• Exclusive on-campus organization offering networking and career development opportunities

Cons

  • Relatively high 22-to-1 student-to-faculty ratio

Runner-Up

The Best Construction Management Schools Option: Virginia Tech
Photo: vt.edu

Why It Made the Cut: Prospective students can feel confident investing in an education from Virginia Tech with its 100 percent job placement rate for program graduates.

Jobs can be hard to find, but with the right education in a growing field—like construction management and engineering—students can line up jobs before they are even out of school. Virginia Tech boasts outstanding job placement stats that allow students to feel more confident with their education investment. Virginia Tech construction engineering and management students receive an average of three to six job offers by graduation and have a 100 percent job placement rate within 3 months of graduation.

Prospective Hokies may want to note that student diversity at Virginia Tech is low: 90 percent of construction management students are male, and 76 percent are white. This may make the program feel somewhat insular.

Virginia Tech also has a variety of construction-related extracurricular organizations, like the International Construction Honor Society, the Construction Management Association of America (CMAA), and the Associated Schools of Construction (ASC) competition team. These organizations can provide extra enrichment and learning opportunities for students pursuing a degree at Virginia Tech.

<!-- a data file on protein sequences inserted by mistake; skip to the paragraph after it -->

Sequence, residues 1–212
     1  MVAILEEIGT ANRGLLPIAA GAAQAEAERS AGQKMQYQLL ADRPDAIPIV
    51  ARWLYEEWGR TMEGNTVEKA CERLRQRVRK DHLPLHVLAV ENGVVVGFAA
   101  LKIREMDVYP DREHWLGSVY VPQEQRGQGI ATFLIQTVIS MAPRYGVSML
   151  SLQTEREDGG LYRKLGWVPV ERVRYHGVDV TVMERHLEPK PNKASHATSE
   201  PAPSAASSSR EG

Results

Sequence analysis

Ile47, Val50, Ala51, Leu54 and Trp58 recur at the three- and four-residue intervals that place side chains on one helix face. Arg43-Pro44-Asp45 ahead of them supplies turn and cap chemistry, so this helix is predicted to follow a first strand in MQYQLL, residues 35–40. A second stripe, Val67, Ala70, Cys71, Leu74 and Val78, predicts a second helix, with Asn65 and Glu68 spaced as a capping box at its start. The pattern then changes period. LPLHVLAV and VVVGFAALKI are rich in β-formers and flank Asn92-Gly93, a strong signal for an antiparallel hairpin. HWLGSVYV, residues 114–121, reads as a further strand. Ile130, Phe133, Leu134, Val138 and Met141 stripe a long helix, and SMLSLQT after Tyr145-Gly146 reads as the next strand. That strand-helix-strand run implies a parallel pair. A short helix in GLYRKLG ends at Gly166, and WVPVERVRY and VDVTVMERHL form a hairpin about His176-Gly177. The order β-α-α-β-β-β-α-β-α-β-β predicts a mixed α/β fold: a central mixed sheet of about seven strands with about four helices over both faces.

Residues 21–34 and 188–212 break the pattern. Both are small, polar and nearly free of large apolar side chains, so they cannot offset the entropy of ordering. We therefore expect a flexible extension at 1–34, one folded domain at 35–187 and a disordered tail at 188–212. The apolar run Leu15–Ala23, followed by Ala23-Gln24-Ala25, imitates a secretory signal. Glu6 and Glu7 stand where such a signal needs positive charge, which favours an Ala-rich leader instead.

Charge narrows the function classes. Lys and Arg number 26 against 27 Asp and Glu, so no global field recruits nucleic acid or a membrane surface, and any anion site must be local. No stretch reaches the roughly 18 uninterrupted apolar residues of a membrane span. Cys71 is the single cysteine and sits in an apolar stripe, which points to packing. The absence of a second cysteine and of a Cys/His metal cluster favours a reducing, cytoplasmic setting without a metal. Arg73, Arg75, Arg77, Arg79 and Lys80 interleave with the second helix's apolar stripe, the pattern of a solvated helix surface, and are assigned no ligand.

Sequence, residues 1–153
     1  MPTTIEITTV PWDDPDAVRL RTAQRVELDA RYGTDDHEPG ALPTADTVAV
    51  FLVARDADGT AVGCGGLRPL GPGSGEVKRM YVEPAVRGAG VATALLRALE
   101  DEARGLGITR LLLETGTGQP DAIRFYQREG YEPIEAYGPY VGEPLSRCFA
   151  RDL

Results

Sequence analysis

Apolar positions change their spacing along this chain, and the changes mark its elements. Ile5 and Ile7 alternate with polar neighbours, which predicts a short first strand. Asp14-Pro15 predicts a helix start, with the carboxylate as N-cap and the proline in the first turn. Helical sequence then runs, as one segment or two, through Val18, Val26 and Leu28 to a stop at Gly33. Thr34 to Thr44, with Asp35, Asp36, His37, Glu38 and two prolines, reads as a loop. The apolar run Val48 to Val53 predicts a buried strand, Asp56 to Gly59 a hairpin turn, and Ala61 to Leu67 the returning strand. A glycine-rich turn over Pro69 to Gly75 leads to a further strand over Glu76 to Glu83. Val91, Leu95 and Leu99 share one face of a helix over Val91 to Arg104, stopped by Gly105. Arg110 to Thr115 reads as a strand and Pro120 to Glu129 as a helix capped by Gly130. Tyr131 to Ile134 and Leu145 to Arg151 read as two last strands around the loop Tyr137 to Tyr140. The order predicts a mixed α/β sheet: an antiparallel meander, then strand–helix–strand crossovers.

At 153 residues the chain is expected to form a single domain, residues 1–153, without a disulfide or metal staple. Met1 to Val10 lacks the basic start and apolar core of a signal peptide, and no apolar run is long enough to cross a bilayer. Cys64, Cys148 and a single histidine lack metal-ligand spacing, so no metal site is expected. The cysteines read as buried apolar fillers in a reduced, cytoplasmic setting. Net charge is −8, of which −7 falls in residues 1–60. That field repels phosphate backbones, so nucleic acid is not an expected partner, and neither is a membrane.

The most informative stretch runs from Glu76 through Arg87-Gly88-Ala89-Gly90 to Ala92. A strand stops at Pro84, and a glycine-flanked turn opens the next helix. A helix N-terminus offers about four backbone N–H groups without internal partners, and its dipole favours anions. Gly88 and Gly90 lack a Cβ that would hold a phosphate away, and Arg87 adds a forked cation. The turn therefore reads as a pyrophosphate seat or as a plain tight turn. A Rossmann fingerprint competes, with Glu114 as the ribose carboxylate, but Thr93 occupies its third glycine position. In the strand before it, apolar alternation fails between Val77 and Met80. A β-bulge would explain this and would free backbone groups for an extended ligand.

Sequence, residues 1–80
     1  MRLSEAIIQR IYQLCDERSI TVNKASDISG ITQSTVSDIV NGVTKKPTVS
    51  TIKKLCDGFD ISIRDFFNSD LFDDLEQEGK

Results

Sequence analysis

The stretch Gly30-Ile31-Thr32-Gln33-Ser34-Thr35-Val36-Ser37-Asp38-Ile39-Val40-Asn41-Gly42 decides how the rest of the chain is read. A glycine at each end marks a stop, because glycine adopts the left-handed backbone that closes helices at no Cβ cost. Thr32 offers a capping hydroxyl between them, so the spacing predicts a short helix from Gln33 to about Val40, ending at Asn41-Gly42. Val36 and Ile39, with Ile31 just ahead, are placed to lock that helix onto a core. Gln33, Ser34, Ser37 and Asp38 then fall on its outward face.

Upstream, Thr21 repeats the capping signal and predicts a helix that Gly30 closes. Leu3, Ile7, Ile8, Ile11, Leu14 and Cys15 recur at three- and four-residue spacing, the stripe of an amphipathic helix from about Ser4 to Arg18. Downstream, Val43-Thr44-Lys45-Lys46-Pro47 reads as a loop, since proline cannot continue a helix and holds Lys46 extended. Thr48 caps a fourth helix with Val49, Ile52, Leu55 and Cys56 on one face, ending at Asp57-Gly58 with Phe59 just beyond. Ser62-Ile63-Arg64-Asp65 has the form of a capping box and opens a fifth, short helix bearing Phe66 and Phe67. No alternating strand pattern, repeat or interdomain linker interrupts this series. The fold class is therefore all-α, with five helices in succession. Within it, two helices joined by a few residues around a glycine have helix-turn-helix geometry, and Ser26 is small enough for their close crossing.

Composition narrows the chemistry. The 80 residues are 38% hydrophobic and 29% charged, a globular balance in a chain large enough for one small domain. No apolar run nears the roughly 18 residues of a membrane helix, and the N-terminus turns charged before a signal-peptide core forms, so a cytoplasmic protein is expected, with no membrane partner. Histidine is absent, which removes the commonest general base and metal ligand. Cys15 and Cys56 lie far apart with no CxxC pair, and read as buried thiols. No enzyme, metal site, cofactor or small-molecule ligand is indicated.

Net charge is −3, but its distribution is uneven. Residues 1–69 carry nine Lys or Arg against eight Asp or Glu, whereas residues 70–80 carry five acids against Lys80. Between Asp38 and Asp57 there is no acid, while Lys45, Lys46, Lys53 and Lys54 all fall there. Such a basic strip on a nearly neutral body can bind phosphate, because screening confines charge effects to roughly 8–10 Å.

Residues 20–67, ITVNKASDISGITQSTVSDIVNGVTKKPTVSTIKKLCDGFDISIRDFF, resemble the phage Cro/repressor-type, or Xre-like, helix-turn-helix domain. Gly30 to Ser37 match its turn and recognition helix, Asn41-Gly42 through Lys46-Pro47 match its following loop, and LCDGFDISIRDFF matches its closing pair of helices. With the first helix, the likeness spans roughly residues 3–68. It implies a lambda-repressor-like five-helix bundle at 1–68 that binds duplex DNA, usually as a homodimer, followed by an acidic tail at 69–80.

Specs

  • Location: Blacksburg, Virginia
  • Online vs. in-person learning:In person
  • Accreditation: ABET
  • Degrees offered: Bachelor of Science in Construction Engineering and Management, Master of Science in Building Construction and Science Management
  • Cost per credit hour: $436 for in-state B.S. students; $1,042 for out-of-state B.S. students

Pros

  • Average of 3 to 6 jobs offered to each student by graduation
  • 100 percent job placement within 3 months of graduation
  • Wide array of construction-related extracurricular organizations

Cons

  • Relatively low student diversity

Best for Postgrads

The Best Construction Management Schools Option: Clemson University
Photo: clemson.edu

Why It Made the Cut: Clemson University offers a wide range of program options for postgrads so that students can focus on the subjects that matter most to them.